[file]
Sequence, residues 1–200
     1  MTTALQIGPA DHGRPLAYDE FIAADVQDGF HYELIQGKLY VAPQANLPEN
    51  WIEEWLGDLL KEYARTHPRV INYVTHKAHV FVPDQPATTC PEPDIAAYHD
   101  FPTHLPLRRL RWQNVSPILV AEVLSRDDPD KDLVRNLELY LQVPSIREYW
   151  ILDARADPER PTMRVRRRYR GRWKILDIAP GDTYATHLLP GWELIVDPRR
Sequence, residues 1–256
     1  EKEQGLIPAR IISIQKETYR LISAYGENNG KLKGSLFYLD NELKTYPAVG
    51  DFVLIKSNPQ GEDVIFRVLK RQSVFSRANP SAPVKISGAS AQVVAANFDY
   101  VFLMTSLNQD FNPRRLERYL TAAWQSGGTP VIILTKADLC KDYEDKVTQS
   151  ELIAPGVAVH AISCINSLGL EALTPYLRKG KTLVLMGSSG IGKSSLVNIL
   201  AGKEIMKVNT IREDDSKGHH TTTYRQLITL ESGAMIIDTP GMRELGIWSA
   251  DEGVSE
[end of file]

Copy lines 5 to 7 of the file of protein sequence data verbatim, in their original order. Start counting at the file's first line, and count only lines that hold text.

   151  ILDARADPER PTMRVRRRYR GRWKILDIAP GDTYATHLLP GWELIVDPRR
Sequence, residues 1–256
     1  EKEQGLIPAR IISIQKETYR LISAYGENNG KLKGSLFYLD NELKTYPAVG